9/11 Memorial Street Sign Upsets Local Atheists

Atheists argue "Seven in Heaven Way" street oversteps church-state boundaries

This article is from the archive of our partner .

Players: Red Hook, Brooklyn; local atheists.

Opening Serve: Local atheists are angered by a new street sign in Red Hook, Brooklyn that commemorates seven firefighters who died on 9/11. American Atheists' David Silverman told the Brooklyn Paper: "It's improper for the city to endorse the view that heaven exists. It links Christianity and heroism." Ken Bronstein of the NYC Atheists agreed, arguing "It falls under the umbrella of Church and state." He explains, "the problem with the sign is that you're assuming that you know what they felt deep down. You're assuming they even believed in heaven."
Return Volley: But Tom Miskel, a member of the Red Hook community board, begs to differ. He told the local paper, "they are heroes and should be rewarded in a place like heaven. Almost every religion has some form of heaven. It's not just specific to Christianity."
What They Say the Fight's About: The atheists think the sign's mention of heaven is both presumptive and exclusionary to those who don't believe in God. They also argue that sign's religious connotation--since it's city property--infringes on the barrier between church and state. Miskel and other community supporters of the sign insist that the notion of "heaven" is not religion-specific and is simply a respectable way to honor a group of men who gave up their lives to save others.
What The Fight's Really About: Well, is the local Red Hook government blurring the line between church and state? Gothamist sought out the spokesperson for City Councilmember Sara Gonzalez--who "shepherded the street sign change through city council"--and asked him whether "it's inappropriate to use city resources for a sign with religious overtones." He explained that "The seven heroes have long been known as the 'Seven in Heaven.' That's something we didn't have any hand in, it is the way the community and their families chose to remember them. So if that is their desire then we are happy to continue to remember them in the way that their family and fellow firefighters prefer to call them." On the other hand, the Brooklyn Paper points out that "more than 400 streets in the city have been named after 9-11 victims and heroes--cops, elevator mechanics and civic leaders--some of whom died helping people escape from the towers. But few, if any, street names make such blatant faith-based references." Ultimately, to say the idea of heaven is not religion-specific is also a bit of a dodge: many religions include a concept of heaven, sure. Not all of them do, though, and in any event the point here is that even supporting religion over lack of religion can be offensive: atheism is a matter of beliefs, too.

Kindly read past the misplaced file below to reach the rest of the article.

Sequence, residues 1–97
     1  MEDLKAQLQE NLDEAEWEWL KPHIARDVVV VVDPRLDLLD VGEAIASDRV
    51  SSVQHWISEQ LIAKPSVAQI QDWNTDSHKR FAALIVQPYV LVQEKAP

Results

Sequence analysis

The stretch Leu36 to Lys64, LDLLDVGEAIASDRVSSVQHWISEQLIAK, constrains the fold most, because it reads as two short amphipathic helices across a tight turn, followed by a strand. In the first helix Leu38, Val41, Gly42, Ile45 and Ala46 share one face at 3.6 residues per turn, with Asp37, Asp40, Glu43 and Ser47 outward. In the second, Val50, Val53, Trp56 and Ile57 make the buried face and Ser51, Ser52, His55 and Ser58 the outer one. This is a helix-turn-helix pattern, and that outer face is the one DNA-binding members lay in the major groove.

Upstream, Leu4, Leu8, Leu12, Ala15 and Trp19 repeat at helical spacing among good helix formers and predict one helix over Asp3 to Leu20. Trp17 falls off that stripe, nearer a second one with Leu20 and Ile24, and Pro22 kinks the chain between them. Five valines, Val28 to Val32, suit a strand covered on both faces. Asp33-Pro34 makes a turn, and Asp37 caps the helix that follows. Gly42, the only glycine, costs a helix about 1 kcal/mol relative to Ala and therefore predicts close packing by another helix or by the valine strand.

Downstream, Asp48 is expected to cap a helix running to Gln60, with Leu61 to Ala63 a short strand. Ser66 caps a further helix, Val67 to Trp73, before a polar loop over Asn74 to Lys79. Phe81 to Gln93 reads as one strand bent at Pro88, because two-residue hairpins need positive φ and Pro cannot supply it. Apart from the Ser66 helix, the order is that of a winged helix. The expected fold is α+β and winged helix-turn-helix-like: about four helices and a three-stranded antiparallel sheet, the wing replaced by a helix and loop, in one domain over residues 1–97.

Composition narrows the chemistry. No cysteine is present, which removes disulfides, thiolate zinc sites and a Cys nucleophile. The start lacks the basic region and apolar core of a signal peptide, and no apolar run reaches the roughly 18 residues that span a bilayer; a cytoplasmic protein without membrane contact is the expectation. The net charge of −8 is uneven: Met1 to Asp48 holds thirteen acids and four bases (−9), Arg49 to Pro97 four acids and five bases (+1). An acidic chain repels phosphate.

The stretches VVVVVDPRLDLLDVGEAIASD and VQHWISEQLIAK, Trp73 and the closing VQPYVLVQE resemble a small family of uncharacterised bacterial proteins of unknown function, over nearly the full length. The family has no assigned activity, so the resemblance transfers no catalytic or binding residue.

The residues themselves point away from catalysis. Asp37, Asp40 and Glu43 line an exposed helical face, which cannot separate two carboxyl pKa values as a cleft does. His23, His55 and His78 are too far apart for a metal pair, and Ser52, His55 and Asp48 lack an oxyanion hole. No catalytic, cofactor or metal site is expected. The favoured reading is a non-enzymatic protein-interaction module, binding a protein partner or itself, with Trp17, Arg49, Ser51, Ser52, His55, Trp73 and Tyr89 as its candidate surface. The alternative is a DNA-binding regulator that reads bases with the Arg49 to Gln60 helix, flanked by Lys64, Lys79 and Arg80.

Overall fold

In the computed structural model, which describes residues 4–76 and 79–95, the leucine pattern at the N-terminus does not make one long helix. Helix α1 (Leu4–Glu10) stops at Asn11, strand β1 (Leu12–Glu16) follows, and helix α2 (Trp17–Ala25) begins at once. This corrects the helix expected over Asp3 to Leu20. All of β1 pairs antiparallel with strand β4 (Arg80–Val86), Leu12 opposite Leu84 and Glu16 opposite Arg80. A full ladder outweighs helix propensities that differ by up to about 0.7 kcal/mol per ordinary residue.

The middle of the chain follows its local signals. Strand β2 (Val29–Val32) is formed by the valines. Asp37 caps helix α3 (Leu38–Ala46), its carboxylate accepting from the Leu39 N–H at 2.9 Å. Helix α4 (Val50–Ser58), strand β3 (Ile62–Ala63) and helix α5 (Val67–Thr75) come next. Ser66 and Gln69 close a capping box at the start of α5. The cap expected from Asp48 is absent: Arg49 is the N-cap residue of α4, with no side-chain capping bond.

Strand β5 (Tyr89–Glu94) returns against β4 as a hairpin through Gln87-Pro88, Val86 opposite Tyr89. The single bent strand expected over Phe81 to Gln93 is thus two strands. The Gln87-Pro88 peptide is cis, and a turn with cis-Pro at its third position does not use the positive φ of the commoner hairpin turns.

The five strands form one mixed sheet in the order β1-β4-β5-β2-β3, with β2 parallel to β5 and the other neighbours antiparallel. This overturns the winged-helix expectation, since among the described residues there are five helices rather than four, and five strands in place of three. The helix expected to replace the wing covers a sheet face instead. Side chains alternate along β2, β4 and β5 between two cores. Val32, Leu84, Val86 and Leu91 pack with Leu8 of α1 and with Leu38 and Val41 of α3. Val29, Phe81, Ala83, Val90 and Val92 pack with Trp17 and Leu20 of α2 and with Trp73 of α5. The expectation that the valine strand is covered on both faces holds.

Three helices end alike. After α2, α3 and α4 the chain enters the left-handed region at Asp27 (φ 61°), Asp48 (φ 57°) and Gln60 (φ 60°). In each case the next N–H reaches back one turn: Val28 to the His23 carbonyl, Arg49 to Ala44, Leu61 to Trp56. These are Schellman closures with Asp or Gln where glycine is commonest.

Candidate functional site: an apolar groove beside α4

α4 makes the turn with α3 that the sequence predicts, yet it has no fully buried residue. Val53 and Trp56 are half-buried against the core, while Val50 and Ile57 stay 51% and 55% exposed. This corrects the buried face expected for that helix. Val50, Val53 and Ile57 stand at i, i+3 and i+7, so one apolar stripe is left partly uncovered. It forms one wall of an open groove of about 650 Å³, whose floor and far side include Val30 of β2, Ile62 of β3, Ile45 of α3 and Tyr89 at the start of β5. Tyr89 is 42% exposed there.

Who's Winning Now: The atheists look poised to lose this one. Victor Kovner, a First Amendment lawyer weighed in on the debate, telling the Brooklyn Paper, "the area of religion is so complex and nuanced that you could argue nearly anything. But a [legal] challenge in this case would be far-fetched."
This article is from the archive of our partner The Wire.